TrueBeam® linear accelerator at Helios Hospital Krefeld
New linear accelerator: Highly precise, convenient and fast
A new linear accelerator is in use at the Clinic for Radiotherapy and Radiological Oncology at Helios Klinikum Krefeld.
The modern large-scale 'TrueBeam'® unit shortens the duration of irradiation while offering maximum precision. Patients with lung or brain tumors in particular benefit from the technical advancements, breath-synchronized X-ray imaging and millimeter-precise imaging.
The room is spacious and bright, with the new linear accelerator in the center, which fills the space without smothering it. Everything is open and friendly. It seems as if there is a large window on the ceiling of the room, directly above the linear accelerator's patient couch, which offers a view of green trees. "This has a calming effect and makes therapy easier for our oncology patients. With this goal in mind, we have comprehensively modernized not only the new technology but also our otherwise windowless treatment room," explains Dr. Michael Daum-Marzian, head physician of the Radiation Clinic and coordinator of the Helios Oncology Center (HOZ).
A special feature of the 'TrueBeam'® is the high dose rate compared to conventional irradiation techniques. This further development in medical technology enables faster, high-dose irradiation and thus shorter treatment duration, which has an even more precise effect thanks to additional motion controls. This is accompanied by even more targeted protection of the surrounding tissue and organs. "On small monitors directly in front of them, our lung cancer patients, for example, can track their breathing curve during radiation and see how and where they are breathing to positively support the radiation process. Today, radiation is no longer administered during the entire breathing curve, but only in the optimal range. In doing so, the accelerator switches on and off fully automatically," clarifies the radiation physician. "In this way, our patients can now actively participate and thus virtually control their radiation themselves."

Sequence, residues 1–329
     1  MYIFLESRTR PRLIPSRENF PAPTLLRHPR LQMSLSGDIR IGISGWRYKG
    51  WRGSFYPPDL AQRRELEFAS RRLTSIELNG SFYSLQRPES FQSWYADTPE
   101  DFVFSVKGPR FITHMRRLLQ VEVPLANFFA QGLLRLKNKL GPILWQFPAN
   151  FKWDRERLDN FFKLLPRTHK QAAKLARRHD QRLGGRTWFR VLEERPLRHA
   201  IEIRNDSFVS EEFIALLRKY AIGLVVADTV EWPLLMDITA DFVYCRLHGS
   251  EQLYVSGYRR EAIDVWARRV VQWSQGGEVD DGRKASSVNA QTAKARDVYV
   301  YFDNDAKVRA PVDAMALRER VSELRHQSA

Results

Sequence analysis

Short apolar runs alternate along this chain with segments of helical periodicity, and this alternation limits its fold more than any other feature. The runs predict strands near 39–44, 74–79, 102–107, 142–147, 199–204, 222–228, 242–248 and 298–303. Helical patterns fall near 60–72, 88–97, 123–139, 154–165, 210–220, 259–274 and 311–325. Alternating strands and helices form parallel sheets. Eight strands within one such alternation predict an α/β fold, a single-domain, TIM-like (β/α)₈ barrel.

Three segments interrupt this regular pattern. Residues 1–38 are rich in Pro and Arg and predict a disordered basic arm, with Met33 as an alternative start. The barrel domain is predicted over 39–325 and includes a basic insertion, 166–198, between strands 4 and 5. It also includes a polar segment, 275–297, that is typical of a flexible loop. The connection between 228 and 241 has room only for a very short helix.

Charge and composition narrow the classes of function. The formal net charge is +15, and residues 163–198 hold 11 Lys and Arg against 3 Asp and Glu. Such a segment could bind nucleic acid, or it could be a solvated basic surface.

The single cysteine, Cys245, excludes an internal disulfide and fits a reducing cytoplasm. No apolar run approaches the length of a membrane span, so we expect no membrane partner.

The new patient table can be steered in six different spatial directions instead of the previous four. These axes allow the patient to be positioned optimally, without repositioning. The technology has also made significant progress in control imaging, which takes place before and during radiation: "The image quality has increased enormously, is sub-milimeter accurate and thus similar to a diagnostic computer tomography," explains head physician Dr. Daum-Marzian. Special software often makes it possible to irradiate several cancer sites at the same time - a decisive advantage for patients, as treatment can now be carried out in one, rather than several, sessions.
"As an oncology center, it is our aim to ensure that our patients always benefit from these technical advances, which gently contribute to precision and safety," summarizes the head physician.